News > Grime Scene Investigation at Loughborough University

2015-11-23_15.10.55

The ‘Grime Scene Investigation’ took place on Monday 23rd November next to the Butler Court student hall. The following bin bags were collected from the hall and inspected: food waste, recycling and general waste. 

Five food-waste bags were collected from the kitchens in the student hall. Additionally, the food waste misplaced in the recycling and general-waste bags was sorted and assessed. Food waste was classified and weighed according to the following criteria:

-          Edible / Inedible

-          Animal based / Plant based

-          Packaged / Unpackaged

 

Conclusions

-          There was a significant amount of food waste in the general-waste bag. The amount of food waste in the recycling bag was much smaller.

-          Most of the food waste is plant based and unpackaged.

-          The amounts of edible and inedible food waste were similar in the food-waste bags. In the recycling bag, most of the waste was inedible (however the sample was too small to come to definitive conclusions), but in the general-waste bag 75% of the food waste was edible. There is a need to reduce edible food waste by behavioural change in consumers which can be caused by an increase of awareness of the issue through different initiatives and campaigns.

-          Sometimes it was difficult to assess what was edible and what inedible (e.g. apple cores, tops of strawberries). In these cases, we tried to separate manually the edible part from the inedible. When this was not possible (e.g. apple core), an estimate of how much is edible was used. When the amount of edible food waste was very small (meat on bones) everything was considered inedible.

-          A small portion of the food waste contained in bags was not possible to weigh: tiny pieces of food and liquid waste. This explains why the weight of the full bag is larger than the sum of the different food-waste categories.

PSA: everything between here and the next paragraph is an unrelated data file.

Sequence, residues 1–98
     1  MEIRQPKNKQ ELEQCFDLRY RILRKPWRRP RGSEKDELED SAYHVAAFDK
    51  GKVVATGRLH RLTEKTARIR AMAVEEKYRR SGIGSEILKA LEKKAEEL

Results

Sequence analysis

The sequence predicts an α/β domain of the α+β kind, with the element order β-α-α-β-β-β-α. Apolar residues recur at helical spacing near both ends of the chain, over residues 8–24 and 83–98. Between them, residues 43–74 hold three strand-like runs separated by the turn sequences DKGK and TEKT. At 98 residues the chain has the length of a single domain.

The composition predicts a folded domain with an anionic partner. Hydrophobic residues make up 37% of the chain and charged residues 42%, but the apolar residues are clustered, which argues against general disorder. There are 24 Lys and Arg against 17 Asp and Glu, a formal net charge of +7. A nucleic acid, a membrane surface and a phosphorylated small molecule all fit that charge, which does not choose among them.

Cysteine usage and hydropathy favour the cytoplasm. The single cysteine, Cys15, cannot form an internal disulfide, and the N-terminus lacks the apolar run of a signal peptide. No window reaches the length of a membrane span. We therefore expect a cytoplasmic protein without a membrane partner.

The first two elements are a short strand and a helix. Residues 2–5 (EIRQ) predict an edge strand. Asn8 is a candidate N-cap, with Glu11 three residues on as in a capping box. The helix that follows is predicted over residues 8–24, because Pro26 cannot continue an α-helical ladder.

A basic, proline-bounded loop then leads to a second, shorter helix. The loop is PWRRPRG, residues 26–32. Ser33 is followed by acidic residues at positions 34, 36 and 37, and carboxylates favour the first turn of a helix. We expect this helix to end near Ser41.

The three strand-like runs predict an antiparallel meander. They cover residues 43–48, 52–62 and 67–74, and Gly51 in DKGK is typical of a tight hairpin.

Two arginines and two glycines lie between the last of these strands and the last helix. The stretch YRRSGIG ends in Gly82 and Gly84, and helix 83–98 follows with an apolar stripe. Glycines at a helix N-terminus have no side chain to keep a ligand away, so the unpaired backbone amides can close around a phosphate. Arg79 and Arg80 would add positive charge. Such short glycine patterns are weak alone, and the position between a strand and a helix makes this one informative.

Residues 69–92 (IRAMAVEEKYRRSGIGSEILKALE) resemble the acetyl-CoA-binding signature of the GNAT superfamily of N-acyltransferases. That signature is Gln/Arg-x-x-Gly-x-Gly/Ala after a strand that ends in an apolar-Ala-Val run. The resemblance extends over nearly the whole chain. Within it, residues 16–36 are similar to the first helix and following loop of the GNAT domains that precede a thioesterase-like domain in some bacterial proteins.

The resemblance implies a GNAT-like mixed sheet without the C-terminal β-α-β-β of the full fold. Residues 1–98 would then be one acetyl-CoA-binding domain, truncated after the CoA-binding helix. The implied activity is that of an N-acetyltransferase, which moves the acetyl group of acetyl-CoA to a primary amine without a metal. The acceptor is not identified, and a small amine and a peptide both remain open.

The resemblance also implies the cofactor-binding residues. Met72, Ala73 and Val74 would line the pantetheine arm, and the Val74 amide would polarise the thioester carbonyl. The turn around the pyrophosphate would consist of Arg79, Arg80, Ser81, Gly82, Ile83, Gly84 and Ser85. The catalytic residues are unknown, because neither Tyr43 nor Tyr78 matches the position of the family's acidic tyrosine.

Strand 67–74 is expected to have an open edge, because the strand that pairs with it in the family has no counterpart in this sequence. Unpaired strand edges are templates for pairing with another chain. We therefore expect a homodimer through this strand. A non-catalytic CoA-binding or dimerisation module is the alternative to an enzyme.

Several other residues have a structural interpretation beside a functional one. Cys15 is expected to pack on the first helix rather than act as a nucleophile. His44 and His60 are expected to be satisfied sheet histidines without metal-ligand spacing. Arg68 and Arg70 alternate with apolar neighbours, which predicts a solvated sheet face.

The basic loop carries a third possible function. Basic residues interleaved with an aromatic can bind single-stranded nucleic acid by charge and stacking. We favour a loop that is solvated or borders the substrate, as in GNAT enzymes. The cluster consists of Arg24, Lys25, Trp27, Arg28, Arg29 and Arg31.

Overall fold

-          The large bags were weighed imprecisely (food-waste bag 5 and general-waste bag). A better scale in the range of 1-15 kg will be necessary in the next Grime Scene Investigation.

-          The different weight of bin bags of similar size was explained by the liquid remaining in the bag after emptying.

-          The waste collected was not very significant in terms of composition: food disposed by one person one time changes the proportions notably (e.g. meat bones in food-waste bag 3). Larger sizes of samples would be useful as well as repeated assessments over several months.

-          The food-waste collection is currently sent to anaerobic digestion by Wastecycle. The final aim of the classification used in this report was to better understand the types of food disposed of in order to find an optimal waste management alternative to deal with it. This works well for food manufacturing waste but not for consumer food waste, as this is very heterogeneous and not sorted when treating it. Moreover, fewer alternatives are available for this type of food waste, such as redistribution for human consumption and animal feeding.

For more information, please contact:

Guillermo Garcia-Garcia

G.Garcia-Garcia@lboro.ac.uk

Elliot Woolley

E.B.Woolley@lboro.ac.uk

November 2015

Grime Scene Investigation – Food waste

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